Like everything else in the world the opening weekend of the Texas deer season has changed to a degree, but it is still a big deal to hunters and the state’s economy.
This year’s opening day is Nov. 7 and it probably still represents one of the biggest in-state migrations annually. Most of the 800,000-plus hunters will be on the road crisscrossing the state to their leases or family property.
Small towns will welcome the hunters with open arms, knowing that from the day the season begins until it ends cash registers will be ringing with sales. It used to be said that some of these stores made up to 50% of their annual sales during deer season. Among other things lease fees go a long way toward paying land taxes.
Changes through the years have made opening weekend different. The Managed Lands Deer Permit program has spread the season start out more. Active lives means hunters may not go until later in the year. And hunters are just as likely to bring everything they need with them instead of shopping local.
The good news is that the future of deer hunting is still strong, even if the focus might be changing away from big antlers to pounds of meat for some.
“Hunting has a rich tradition and culture in Texas that helps to support a robust hunting community. Hunting license sales in Texas are stable unlike some other states that have seen declines in hunter numbers and license sales,” Alan Cain Texas Parks and Wildlife Department’s deer program leader, said. “Appealing to different motivations for hunting whether that be the locavore movement, time to spend with family and friends in the outdoors or for those more serious about management for quality and healthy deer populations helps to sustain our hunting heritage in the state.”
Going into this season it appears hunters could be rewarded no matter their motivation. Numbers across most of the state are up, although with an estimated herd of 5.5 million that is seldom an issue. For those hunting big bucks quality should be good because of good range conditions during the antler-growing period and a surplus of mature-aged deer. Because of strong fawn year classes in corresponding years there is expected to be an abundance of 6.5- to 8.5-year-old bucks.
TPWD estimates in 2019 that hunters killed more than 846,000 deer. The harvest total was about 54% bucks. However, the total antlerless harvest was up slightly compared to 2018 while the overall buck harvest was down 9.4%.
For most hunters the goal is still a quality or trophy buck, but years of looking at pen-reared bucks or television trophies from highly managed ranches has skewed reality.
“The statewide average Boone & Crockett score in 2019 was 124.99 for bucks 5.5 years old or older and 120.8 for 4.5-year-old bucks, which are very respectable bucks for anywhere in the state,” Cain said.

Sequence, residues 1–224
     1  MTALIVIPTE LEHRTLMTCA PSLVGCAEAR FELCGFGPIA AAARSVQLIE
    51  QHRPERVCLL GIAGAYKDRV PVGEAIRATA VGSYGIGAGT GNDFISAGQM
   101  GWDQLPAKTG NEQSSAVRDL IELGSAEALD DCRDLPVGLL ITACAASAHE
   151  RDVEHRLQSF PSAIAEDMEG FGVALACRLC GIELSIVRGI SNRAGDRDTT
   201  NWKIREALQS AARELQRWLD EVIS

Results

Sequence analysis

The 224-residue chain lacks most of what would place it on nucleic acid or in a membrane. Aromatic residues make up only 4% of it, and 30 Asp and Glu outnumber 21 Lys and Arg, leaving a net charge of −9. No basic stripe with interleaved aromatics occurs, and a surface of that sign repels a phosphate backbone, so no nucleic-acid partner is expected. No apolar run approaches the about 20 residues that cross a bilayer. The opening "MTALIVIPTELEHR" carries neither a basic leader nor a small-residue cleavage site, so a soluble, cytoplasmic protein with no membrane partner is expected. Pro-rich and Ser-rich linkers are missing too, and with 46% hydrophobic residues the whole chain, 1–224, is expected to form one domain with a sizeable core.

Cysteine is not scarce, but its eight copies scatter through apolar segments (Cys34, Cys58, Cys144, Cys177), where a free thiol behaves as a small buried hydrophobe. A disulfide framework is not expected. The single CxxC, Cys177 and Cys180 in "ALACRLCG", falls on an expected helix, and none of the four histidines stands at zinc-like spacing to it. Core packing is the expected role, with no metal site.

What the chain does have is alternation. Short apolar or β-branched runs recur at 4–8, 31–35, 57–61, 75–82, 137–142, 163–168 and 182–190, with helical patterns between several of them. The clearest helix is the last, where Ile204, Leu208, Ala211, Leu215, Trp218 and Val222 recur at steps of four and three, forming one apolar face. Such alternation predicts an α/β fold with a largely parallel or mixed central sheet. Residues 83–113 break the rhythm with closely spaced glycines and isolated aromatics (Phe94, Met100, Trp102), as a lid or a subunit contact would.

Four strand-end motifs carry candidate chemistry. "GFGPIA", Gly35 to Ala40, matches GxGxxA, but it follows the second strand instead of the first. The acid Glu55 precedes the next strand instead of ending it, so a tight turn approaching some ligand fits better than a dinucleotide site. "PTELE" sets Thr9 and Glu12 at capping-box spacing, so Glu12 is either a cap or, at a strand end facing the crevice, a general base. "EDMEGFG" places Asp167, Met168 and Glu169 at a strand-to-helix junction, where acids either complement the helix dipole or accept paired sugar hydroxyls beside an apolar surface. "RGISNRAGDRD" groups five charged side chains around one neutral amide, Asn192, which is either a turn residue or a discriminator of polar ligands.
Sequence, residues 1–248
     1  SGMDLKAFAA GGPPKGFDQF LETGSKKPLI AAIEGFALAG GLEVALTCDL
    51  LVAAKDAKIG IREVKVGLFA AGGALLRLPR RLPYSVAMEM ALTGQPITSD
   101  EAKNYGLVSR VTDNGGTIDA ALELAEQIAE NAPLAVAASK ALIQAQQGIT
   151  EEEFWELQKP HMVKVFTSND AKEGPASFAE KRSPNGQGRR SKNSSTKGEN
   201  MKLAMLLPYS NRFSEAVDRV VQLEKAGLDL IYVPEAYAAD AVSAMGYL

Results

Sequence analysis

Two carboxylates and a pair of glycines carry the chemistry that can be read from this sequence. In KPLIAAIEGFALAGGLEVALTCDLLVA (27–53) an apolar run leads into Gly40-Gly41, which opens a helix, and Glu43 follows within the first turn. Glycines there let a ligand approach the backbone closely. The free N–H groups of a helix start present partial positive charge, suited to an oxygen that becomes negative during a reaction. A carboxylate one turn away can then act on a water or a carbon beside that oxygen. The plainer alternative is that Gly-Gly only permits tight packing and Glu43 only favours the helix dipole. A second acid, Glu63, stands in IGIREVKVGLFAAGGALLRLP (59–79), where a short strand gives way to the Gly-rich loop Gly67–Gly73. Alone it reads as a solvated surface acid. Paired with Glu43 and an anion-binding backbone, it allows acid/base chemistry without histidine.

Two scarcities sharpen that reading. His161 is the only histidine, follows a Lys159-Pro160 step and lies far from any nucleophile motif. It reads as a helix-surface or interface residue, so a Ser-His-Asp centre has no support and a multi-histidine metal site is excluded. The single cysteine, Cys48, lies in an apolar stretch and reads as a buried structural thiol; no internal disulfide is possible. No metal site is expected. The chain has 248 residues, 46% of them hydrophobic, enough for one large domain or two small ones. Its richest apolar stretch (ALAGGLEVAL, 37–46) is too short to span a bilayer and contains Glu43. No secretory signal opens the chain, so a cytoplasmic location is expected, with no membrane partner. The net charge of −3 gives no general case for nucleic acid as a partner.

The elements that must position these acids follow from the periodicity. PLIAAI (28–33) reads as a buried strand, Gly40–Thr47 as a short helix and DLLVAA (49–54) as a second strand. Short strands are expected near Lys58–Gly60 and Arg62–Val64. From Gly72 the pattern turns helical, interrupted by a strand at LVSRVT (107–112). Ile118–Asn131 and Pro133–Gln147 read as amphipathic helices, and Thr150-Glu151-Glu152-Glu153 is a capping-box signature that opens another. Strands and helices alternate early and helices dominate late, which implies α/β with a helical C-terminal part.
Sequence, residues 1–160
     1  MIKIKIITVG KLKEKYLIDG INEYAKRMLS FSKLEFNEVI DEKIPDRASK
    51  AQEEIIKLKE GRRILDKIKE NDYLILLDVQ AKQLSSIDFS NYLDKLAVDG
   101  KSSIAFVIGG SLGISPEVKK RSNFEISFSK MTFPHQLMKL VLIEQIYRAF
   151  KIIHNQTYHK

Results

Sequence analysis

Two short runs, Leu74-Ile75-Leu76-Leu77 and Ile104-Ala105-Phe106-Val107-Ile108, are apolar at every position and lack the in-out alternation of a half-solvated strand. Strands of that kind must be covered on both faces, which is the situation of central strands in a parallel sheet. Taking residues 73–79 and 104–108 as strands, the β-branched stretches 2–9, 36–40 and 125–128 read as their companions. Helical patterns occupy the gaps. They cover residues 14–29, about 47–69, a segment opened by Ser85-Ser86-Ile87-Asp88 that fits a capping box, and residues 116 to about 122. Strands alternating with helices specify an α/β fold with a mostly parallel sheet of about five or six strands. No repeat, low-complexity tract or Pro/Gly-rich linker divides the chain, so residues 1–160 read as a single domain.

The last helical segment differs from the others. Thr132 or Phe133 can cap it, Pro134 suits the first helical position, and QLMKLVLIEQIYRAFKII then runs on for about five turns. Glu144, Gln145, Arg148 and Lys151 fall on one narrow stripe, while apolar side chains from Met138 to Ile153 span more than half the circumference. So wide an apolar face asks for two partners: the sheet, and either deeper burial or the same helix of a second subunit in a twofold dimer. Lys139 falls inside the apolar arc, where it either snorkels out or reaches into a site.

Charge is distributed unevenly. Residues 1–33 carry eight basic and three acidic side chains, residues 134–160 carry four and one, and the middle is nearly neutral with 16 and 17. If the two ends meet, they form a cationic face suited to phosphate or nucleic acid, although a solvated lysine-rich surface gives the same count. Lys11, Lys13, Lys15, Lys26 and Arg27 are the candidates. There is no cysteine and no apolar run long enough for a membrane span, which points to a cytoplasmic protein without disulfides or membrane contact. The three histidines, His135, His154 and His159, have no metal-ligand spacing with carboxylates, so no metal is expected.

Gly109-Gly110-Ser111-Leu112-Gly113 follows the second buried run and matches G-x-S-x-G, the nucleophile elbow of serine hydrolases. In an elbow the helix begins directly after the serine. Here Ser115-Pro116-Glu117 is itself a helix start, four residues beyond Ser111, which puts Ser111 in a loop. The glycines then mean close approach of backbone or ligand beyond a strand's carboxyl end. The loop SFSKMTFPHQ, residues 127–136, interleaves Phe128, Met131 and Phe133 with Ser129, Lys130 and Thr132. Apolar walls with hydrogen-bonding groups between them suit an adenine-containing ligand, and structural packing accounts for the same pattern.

Regionally, the 15-year average B&C score for the Pineywoods is 112 5/8 for a 3 ½-year-old, 123 7/8 for a 4 ½-year-old and 127 3/8 for a 5 ½-year-old. In the Post Oak Savannah it is 112 2/8, 121 2/8 and 123 7/8.
The Hill Country average shows the results of the regions overpopulation. The 15-year average scores are 101 7/8, 112 4/8 and 118 7/8.
Even in the vaunted South Texas, record-book bucks are still oddities. The averages are 109 5/8, 124 6/8 and 133 7/8. However, the region, along with the Blackland Prairies and Western Rolling Plains, are the only ones topping out above 130.
Prospects are up from last year for East Texas’ Pineywoods and Post Oak regions.
In the Pineywoods the number of 2 ½-, 3 ½- and 7 ½-year old bucks should be up this year. In recent years more than 53 percent of the buck harvest has been deer 3 ½ years old and older, showing antler restrictions are working as intended. That ultimately should mean some good bucks are taken.
In the Post Oak region forage conditions have been good through the antler-growing season.
Compared to the statewide hunter success rate of 60 percent, the average in the Hill Country is 76 percent. Hunters in some portions of the Edwards Plateau can expect to see a number of older bucks this season, while in another area deer numbers were decimated by anthrax.
Well-managed properties in South Texas will continue to be as good as normal, but the eastern side of the region has had better natural conditions because of more rain.
In most cases hunters only take one deer because of freezer space, although they need to take more for management purposes. One option for those taking extra deer is to donate them through the Hunters for the Hungry program. Carnes Processing, 20601 S. Texas 110, between Whitehouse and Troup, is again accepting donations for the program, and will process them for free. To donate venison there hunters are asked to bring in quartered deer on ice. Coolers will be available for return once the meat has been processed.